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1. WordNet® 3.0 (2006)
fruit sugar
    n 1: a simple sugar found in honey and in many ripe fruits [syn:
         fructose, fruit sugar, levulose, laevulose]

2. The Collaborative International Dictionary of English v.0.48
Fruit \Fruit\, n. [OE. fruit, frut, F. fruit, from L. fructus
   enjoyment, product, fruit, from frui, p. p. fructus, to
   enjoy; akin to E. brook, v. t. See Brook, v. t., and cf.
   Fructify, Frugal.]
   1. Whatever is produced for the nourishment or enjoyment of
      man or animals by the processes of vegetable growth, as
      corn, grass, cotton, flax, etc.; -- commonly used in the
      [1913 Webster]

            Six years thou shalt sow thy land, and shalt gather
            in the
            fruits thereof.                       --Ex. xxiii.
      [1913 Webster]

   2. (Hort.) The pulpy, edible seed vessels of certain plants,
      especially those grown on branches above ground, as
      apples, oranges, grapes, melons, berries, etc. See 3.
      [1913 Webster]

   3. (Bot.) The ripened ovary of a flowering plant, with its
      contents and whatever parts are consolidated with it.
      [1913 Webster]

   Note: Fruits are classified as fleshy, drupaceous, and dry.
         Fleshy fruits include berries, gourds, and melons,
         orangelike fruits and pomes; drupaceous fruits are
         stony within and fleshy without, as peaches, plums, and
         cherries; and dry fruits are further divided into
         achenes, follicles, legumes, capsules, nuts,
         and several other kinds.
         [1913 Webster]

   4. (Bot.) The spore cases or conceptacles of flowerless
      plants, as of ferns, mosses, algae, etc., with the spores
      contained in them.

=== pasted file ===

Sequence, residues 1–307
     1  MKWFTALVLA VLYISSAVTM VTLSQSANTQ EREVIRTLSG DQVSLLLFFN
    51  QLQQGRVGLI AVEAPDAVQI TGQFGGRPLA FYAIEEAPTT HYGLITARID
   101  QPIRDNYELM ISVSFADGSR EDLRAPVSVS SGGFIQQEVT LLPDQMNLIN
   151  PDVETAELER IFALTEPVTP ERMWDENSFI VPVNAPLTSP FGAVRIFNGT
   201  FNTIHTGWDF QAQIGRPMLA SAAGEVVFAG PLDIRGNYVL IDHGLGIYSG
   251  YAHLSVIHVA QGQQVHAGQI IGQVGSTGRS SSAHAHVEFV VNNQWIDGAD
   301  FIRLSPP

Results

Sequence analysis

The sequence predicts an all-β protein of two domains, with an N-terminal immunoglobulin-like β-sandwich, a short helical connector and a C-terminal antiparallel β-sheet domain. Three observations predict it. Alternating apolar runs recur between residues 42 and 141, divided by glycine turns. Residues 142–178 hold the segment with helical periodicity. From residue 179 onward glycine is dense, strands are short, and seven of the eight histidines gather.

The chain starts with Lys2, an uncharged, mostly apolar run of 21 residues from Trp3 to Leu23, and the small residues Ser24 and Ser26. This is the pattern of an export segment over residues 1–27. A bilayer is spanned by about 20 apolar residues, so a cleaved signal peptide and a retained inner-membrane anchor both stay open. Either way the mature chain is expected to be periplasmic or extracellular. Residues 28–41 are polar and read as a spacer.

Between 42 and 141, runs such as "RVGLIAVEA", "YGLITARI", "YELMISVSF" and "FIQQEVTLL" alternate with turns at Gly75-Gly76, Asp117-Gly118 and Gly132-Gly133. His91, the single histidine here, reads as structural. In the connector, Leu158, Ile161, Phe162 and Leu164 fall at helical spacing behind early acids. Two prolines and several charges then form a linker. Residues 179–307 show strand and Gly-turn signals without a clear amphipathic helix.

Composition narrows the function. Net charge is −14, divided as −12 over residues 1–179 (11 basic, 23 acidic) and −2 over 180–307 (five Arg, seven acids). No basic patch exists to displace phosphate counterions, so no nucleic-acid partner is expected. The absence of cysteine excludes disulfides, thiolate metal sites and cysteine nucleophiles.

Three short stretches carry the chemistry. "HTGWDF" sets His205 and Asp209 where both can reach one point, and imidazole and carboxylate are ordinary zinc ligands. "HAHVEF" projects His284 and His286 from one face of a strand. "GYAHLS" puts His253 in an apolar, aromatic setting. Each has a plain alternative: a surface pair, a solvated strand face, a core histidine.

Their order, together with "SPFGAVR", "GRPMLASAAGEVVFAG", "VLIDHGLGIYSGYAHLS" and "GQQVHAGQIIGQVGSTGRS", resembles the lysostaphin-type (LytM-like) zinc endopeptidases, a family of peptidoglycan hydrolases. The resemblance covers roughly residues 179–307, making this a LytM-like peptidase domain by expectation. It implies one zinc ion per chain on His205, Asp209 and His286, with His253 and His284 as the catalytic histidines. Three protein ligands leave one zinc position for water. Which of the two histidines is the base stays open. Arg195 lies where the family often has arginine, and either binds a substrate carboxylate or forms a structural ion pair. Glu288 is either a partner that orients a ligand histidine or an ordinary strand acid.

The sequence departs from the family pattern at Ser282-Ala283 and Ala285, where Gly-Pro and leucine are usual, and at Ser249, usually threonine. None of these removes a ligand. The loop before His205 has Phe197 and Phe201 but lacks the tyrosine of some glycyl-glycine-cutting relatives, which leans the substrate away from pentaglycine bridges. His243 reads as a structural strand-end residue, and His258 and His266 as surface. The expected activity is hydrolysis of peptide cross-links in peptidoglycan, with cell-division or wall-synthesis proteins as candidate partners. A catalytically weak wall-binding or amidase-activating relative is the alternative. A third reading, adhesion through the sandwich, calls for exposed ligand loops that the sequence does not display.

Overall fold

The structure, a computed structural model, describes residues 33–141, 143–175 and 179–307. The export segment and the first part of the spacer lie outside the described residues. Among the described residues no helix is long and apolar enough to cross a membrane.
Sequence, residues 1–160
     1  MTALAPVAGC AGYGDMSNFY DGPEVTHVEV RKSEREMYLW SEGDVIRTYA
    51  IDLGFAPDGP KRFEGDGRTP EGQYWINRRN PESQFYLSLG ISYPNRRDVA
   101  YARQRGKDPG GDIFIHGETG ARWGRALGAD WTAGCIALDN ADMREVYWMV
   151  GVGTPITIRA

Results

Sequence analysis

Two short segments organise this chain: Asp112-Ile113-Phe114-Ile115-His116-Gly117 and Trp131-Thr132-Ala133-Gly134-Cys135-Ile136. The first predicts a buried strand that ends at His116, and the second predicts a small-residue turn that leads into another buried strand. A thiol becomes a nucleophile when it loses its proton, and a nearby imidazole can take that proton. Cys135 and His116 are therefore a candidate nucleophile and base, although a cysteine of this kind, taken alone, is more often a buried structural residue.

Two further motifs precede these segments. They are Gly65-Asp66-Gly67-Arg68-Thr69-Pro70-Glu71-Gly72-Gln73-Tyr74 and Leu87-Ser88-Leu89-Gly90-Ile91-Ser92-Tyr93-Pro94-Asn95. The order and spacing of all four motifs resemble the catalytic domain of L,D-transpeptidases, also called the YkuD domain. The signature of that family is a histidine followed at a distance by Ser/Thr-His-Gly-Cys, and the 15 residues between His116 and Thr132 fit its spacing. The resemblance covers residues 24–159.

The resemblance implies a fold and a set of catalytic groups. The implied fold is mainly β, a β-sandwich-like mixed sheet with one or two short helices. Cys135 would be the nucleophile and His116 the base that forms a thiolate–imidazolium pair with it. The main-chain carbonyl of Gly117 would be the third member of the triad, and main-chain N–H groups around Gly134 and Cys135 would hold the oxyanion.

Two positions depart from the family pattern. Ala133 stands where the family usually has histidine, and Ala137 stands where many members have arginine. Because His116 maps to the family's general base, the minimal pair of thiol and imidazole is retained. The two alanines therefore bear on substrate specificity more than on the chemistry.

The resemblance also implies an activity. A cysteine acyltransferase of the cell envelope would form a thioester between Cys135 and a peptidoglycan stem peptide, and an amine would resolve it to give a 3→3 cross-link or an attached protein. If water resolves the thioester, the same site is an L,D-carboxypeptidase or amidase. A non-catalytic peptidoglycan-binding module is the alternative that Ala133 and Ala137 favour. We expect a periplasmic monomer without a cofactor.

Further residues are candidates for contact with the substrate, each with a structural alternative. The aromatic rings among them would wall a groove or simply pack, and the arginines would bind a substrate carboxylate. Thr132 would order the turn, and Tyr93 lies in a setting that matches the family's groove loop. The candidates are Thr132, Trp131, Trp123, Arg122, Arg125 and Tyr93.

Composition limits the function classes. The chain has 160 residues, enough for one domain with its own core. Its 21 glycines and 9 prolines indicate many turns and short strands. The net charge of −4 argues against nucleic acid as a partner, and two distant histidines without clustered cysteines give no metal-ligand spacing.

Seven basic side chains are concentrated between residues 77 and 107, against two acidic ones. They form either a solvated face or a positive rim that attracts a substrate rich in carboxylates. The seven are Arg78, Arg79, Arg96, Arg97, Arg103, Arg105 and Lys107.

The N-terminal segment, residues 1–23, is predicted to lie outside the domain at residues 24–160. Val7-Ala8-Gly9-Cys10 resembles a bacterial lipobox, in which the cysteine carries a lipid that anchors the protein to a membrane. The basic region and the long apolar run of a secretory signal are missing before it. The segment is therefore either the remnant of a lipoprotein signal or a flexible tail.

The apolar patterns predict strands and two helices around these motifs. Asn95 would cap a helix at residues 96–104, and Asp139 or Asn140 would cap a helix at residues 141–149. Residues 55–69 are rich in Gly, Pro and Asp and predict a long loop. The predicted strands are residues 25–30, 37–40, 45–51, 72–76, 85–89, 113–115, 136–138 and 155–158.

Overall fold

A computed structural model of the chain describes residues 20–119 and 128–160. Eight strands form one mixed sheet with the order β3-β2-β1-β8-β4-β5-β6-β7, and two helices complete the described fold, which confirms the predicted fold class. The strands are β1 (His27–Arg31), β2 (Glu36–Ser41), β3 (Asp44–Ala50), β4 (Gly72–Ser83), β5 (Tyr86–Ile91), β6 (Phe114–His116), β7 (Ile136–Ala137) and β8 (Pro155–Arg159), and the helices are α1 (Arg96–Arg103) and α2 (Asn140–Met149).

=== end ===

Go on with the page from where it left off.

[1913 Webster]

   6. The produce of animals; offspring; young; as, the fruit of
      the womb, of the loins, of the body.
      [1913 Webster]

            King Edward's fruit, true heir to the English crown.
      [1913 Webster]

   6. That which is produced; the effect or consequence of any
      action; advantageous or desirable product or result;
      disadvantageous or evil consequence or effect; as, the
      fruits of labor, of self-denial, of intemperance.
      [1913 Webster]

            The fruit of rashness.                --Shak.
      [1913 Webster]

            What I obtained was the fruit of no bargain.
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            They shall eat the fruit of their doings. --Is. iii
      [1913 Webster]

            The fruits of this education became visible.
      [1913 Webster]

   Note: Fruit is frequently used adjectively, signifying of,
         for, or pertaining to a fruit or fruits; as, fruit bud;
         fruit frame; fruit jar; fruit knife; fruit loft; fruit
         show; fruit stall; fruit tree; etc.
         [1913 Webster]

   Fruit bat (Zool.), one of the Frugivora; -- called also
      fruit-eating bat.

   Fruit bud (Bot.), a bud that produces fruit; -- in most
      oplants the same as the power bud.

   Fruit dot (Bot.), a collection of fruit cases, as in ferns.
      See Sorus.

   Fruit fly (Zool.), a small dipterous insect of the genus
      Drosophila, which lives in fruit, in the larval state.
      There are seveal species, some of which are very damaging
      to fruit crops. One species, Drosophila melanogaster,
      has been intensively studied as a model species for
      genetic reserach.

   Fruit jar, a jar for holding preserved fruit, usually made
      of glass or earthenware.

   Fruit pigeon (Zool.), one of numerous species of pigeons of
      the family Carpophagid[ae], inhabiting India, Australia,
      and the Pacific Islands. They feed largely upon fruit. and
      are noted for their beautiful colors.

   Fruit sugar (Chem.), a kind of sugar occurring, naturally